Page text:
I’ve had a few people reach out and ask me lately about the status of the Ishtar Gate project. I want to reassure people that the website is not dead. A range of personal and life issues, as well as other personal projects that I've been carrying out, have meant that I haven’t been able to devote much time at all to this site in months, which has been a regret of mine, but my own spiritual work and journey continues.
My methods for ascertaining my path remain the same as ever. I pray for growth, awareness, and the wisdom to carry out the will of the Anuna gods on Earth. The move that I have made has been kind to me, and has allowed me to make some profound personal connections in the wider Pagan community. I do have further plans for the Ishtar Gate site and it is my intention to begin reworking much of the content on the site shortly.
My reflections, lately, have led me to consider the topic of loss. As I write this, it is the night of 29/30 June in the western hemisphere, the new moon which equates to the last day of the Sumerian month of Sig Ga. The new moon is a solemn time in our faith, occasioning the rite of 𒆠𒋧𒂵 kisiga (Akk. kispu). On this day, it is appropriate to pour out libations to the blessed dead of our families and communities.
In the earliest days of settled civilisation, a family would bury their dead beneath their home. The grave acted as a gate to the nether world, and a libation pipe would be installed so that offerings could literally be poured into the grave for the family’s ancestors in the nether world. An ancestor’s spirit would retain their individuality for as long as their names and deeds were spoken of, and if their needs were satisfied (through libations), then - as their spoken memory faded to obscurity - so too would their spirit, amalgamating with those of the immediate family or clan. Over the course of a civilisation, families and clans come and go, rise and fall, and in the process, a yet further course of amalgamation would occur, resulting in the “cultural spirit” (Akk. kimtu rapaštu) which holds the ancestral memories of an entire people.
In honouring the glorious dead during the kisiga rite, I am always sure to keep the cultural spirit of the Mesopotamian peoples in my heart and pour out offerings to them in turn. The Mesopotamian cultures consisted of humans and were, therefore, imperfect. Some of their cultural practices would seem unthinkable to us today, and it is always important to acknowledge that fact, because we have learned and advanced much as a species in the millennia since the Sumerian city states. However, it is through the collective cultural effort to build a relationship with the immanent and numinous divine, to make careful record of their observations, and to detail the chronology of their society, that we are able to draw upon their experience in our own relationships with the deities that humans first encountered in our meteoric technological boom that started in the Ur III period and which continues to the present day.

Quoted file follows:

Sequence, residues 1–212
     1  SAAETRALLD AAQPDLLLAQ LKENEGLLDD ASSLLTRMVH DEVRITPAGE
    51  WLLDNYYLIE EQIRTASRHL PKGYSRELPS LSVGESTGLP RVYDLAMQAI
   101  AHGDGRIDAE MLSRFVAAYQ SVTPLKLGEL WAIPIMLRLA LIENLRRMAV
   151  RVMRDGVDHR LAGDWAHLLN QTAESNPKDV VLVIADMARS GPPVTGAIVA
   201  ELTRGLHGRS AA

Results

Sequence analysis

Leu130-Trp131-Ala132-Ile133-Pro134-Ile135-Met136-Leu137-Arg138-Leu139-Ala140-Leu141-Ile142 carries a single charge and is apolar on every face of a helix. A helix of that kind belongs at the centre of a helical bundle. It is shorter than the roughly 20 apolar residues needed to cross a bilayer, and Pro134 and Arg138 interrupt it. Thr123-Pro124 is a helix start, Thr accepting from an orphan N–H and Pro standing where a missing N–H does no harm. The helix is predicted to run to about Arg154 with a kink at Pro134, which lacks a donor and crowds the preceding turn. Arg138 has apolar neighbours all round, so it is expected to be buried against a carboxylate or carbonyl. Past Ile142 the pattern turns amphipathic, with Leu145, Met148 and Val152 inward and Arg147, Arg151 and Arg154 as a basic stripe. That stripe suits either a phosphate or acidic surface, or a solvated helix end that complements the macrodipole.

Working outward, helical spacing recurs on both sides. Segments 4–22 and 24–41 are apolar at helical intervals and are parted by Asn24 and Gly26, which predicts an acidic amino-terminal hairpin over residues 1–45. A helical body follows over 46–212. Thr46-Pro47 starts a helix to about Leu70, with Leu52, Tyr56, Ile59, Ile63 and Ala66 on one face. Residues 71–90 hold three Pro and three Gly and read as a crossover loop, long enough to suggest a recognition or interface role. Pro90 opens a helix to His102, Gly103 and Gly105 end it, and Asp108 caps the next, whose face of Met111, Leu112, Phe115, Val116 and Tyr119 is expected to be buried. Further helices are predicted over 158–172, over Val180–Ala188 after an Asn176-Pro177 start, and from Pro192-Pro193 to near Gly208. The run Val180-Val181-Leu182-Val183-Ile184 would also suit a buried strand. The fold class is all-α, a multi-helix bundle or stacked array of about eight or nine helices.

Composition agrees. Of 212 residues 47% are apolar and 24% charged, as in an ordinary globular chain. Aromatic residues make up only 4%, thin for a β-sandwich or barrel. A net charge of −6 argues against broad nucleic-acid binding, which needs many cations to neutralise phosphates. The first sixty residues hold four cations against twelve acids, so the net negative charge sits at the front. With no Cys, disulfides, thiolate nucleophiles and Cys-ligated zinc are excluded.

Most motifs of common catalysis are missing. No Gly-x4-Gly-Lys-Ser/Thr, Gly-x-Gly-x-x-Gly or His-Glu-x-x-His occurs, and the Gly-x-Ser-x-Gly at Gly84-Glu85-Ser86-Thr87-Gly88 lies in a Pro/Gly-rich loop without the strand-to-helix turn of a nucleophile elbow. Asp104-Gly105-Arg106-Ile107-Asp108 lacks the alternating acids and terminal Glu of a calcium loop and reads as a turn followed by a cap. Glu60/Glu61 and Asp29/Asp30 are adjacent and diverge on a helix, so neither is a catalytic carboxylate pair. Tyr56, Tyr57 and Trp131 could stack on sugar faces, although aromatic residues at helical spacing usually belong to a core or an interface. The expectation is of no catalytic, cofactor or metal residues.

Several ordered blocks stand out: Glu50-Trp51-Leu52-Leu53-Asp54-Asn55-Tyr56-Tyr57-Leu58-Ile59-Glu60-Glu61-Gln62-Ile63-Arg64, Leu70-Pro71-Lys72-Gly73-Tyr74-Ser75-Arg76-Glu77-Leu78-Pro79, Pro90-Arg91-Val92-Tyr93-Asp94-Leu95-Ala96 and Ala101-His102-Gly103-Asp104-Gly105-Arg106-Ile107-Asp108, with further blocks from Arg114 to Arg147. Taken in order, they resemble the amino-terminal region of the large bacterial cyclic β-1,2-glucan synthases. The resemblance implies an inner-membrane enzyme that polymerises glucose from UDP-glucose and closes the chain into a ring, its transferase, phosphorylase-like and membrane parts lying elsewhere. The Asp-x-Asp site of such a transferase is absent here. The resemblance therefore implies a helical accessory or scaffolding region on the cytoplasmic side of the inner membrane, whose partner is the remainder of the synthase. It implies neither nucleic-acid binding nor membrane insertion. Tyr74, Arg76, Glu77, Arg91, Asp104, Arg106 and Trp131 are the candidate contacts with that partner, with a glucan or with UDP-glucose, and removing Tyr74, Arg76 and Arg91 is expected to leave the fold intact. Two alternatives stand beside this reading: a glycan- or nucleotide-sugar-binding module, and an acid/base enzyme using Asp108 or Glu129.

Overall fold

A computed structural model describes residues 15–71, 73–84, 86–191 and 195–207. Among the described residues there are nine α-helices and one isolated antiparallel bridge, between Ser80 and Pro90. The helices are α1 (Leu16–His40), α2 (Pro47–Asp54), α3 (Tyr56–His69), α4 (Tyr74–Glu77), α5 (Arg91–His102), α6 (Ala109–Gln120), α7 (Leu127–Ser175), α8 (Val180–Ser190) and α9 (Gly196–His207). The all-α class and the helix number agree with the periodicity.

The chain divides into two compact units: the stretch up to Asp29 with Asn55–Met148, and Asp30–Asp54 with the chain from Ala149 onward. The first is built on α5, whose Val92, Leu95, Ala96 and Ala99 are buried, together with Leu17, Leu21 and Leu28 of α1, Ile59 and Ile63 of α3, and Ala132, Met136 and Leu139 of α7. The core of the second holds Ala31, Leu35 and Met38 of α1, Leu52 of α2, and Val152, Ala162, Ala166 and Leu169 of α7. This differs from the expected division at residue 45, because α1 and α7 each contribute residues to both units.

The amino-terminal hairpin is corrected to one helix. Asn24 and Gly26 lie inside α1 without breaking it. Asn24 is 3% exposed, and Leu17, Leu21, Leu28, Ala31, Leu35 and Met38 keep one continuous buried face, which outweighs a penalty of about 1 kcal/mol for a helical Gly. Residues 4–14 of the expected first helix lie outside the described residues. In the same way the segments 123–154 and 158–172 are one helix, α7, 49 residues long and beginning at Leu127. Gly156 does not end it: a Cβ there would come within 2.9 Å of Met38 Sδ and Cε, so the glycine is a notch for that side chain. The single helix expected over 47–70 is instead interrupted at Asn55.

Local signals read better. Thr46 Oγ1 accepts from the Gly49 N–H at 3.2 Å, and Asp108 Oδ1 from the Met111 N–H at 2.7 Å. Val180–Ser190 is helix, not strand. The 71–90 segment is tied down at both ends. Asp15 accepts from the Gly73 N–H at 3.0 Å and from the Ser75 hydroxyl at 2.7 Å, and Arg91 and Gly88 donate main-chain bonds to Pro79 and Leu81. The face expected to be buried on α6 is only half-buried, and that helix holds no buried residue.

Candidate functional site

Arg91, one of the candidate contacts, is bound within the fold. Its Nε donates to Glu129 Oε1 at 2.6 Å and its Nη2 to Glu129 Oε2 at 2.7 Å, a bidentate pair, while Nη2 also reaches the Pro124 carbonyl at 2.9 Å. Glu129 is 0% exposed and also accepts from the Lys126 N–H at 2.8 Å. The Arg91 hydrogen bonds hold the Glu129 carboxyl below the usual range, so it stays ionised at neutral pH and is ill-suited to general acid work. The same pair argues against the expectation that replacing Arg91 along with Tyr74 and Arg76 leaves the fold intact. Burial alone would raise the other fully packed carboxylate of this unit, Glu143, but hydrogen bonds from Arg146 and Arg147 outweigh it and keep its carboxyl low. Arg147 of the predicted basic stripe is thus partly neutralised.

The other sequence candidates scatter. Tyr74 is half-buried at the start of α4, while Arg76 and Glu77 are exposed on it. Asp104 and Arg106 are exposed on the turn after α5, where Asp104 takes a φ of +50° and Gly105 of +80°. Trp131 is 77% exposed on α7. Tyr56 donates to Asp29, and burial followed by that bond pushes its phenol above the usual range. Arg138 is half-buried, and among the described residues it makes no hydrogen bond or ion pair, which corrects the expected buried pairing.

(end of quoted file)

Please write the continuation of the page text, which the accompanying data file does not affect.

The night of kisiga is a night of mourning. We mourn those close to our hearts who had the greatest impact on our lives, and we pledge to keep their memories alive, but so too do we mourn those we never had a chance to know or even to read about. The Sumerians were proud of their own forms of individual expression, such as the cylinder seal, which served as the ancient equivalent to a signature. They were not restricted to the rich - everyone would own one, from kings down to enslaved persons and labourers, and their construction, design and engravings were just as unique as the individual experience is.
When we mourn all that is lost at kisiga, we mourn the myriad lost human experiences, the fragmentary tablets and tales that are untold and unknown to us, the trail-blazers and pioneers whose names were lost to history, the past that we never knew and the hopeful futures that were sacrificed on the altar of that selfsame history.
The time between the settlement of Eridu and the present day is a blip constituting maybe one or two per cent of the time anatomically modern humans have walked the Earth. The technological revolution launched in Uruk never stopped, but at each stage of our development, presented with the opportunity to use our ever expanding technological prowess in the fight for human dignity, we have chosen instead base militarism and barbarism. This, too, we mourn at kisiga, for a society given all of our resources should be ashamed that we have not defeated fear and want, as was the dream of the first people to taste of the sweet waters at the mouth of the two great rivers, who saw that Land to be the perfect place to settle a city that could feed and support a thousand, no, ten thousand families in peace and abundance.